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2 µm - eTheses Repository - University of Birmingham

2 µm - eTheses Repository - University of Birmingham

The main factors

The main factors controlling the elastic modulus of MMCs are the reinforcement aspect ratio and volume fraction fo the reinforcement. The presence of interfacial reaction layers can lower the transverse moduli of many composites. Young’s modulus is one of the properties least sensitive to microstructural features. It has been shown that the simple rule of mixture approach is not valid for estimating the effective modulus of particle reinforced MMC. Hashin and Shtrikman (55) proposed upper and lower bounds for prediction of a composite Young’s modulus Ec with a reinforcement volume fraction Vf: E 1 + E 2 1 − E V 1 f 1−V + 3E 1 f ≤ E c ≤ E 21 2 + E 1 1−V 1 − E 2 f V f + 3E where E1 and E2 are the moduli of the matrix alloy and the reinforcement, respectively. 2 Equation 5 As an alternative to analytical modelling, numerical techniques such as FEM have become increasingly popular. One common approach is to use a unit cell model, where one or more reinforcement particles are embedded within the Al matrix, to simulate a composite material with a periodic array of reinforcement. A unit cylindrical particle has a greater stiffening effect than a spherical particle. As reported by Feest et al. (56) , the elastic modulus and thermal conductivity values remain relatively constant at particulate diameters greater than 10-15 µm. However, below this threshold, the modulus increases and thermal conductivity decreases as the diameter decreases. Two possible explanations are matrix microstructural refinement and increased surface area for interfacial reactions. As a result, poor correlations between predicted and measured property values may occur for small diameter reinforcements and require the use of specific bounds.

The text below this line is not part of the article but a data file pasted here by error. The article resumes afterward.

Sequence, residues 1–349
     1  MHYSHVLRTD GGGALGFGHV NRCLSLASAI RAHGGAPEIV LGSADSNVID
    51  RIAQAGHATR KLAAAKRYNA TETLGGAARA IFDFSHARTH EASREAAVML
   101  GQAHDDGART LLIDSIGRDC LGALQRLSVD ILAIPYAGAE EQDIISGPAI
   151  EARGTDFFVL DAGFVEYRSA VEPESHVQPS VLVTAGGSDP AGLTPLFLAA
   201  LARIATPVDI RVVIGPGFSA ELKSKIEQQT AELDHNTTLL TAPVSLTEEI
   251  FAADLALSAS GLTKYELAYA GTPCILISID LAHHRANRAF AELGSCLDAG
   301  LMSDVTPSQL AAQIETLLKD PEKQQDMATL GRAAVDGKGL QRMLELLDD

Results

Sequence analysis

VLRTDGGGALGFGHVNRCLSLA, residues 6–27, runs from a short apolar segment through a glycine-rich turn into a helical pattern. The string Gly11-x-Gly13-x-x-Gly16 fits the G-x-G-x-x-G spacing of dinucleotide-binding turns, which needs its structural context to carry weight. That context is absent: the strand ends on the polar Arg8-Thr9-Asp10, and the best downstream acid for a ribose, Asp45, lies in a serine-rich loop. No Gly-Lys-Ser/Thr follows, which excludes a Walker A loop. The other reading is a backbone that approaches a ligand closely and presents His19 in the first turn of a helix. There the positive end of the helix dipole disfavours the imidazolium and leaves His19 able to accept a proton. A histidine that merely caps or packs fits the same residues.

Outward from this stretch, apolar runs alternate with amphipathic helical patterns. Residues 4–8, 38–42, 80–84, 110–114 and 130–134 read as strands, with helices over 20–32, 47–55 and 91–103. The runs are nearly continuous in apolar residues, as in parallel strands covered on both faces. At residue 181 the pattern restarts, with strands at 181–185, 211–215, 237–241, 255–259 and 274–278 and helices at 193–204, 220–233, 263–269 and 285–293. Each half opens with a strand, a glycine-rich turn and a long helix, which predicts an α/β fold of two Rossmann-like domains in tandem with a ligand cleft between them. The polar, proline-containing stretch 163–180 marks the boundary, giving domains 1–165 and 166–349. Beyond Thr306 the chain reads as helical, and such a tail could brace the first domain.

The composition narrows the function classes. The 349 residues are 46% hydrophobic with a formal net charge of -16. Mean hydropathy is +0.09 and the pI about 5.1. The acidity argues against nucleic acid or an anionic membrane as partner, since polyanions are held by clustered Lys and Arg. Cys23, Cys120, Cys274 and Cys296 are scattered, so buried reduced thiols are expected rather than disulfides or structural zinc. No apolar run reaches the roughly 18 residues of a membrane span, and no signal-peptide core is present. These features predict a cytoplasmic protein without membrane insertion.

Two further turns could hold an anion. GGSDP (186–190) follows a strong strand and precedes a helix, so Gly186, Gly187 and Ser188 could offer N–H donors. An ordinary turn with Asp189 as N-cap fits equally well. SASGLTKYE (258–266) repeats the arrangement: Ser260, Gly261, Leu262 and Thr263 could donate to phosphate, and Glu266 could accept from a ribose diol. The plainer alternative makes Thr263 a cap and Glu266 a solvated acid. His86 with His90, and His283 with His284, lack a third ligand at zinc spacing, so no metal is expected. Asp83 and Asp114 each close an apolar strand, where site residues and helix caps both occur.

General models to predict fracture toughness have been shown to be inappropriate in many MMCs (57) . It is becoming recognized that, for composites, toughness is an engineering concept and not a material property (58) . Clustering of reinforcements is a typical manufacturing problem. Studies suggest that global thermomechanical effective properties are generally unaffected but properties such as fracture toughness, where crack initiation is a function of the local stress, are influenced by inhomogeneous distributions (59) . Much of the driving force behind the development of MMCs has been that monolithic lightweight alloys have inadequate fatigue resistance for many demanding applications. MMC fatigue failure, which is governed by the growth of very small microcracks, is also not well described by linear elastic fracture mechanics (LEFM). The single most important factor is the reinforcement volume fraction. For particulate-reinforced composites, the matrix properties dominate at low volume fraction, and the reinforcement properties dominate at high (41) . The shape or aspect ratio and alignment of the reinforcements are also important factors. For random reinforcement orientations, a minor difference in the predicted property value is seen between different reinforcement shapes, particularly at low volume fractions. The use of high stiffness ceramic reinforcement in particulate form, such as Al2O3, can result in a substantial increase in fatigue resistance. Several studies have shown that both, increasing volume fraction and decreasing particle size, result in enhanced fatigue resistance. In a composite, most of the load is carried by the high modulus, high strength reinforcement so, for a given stress, the composite undergoes a lower average strain than the unreinforced alloy. Thus the fatigue lives of particle-reinforced metal matrix composites are generally longer than those of unreinforced metals (42) . For a given reinforcement volume fraction, the reinforcement interparticle spacing decreases with decreasing particle size, resulting in more barriers for the reversible slip motion that takes place during fatigue, and a decrease in strain localization by cyclic slip refinement. Above a critical particle size, reinforcement fracture is predominant 22

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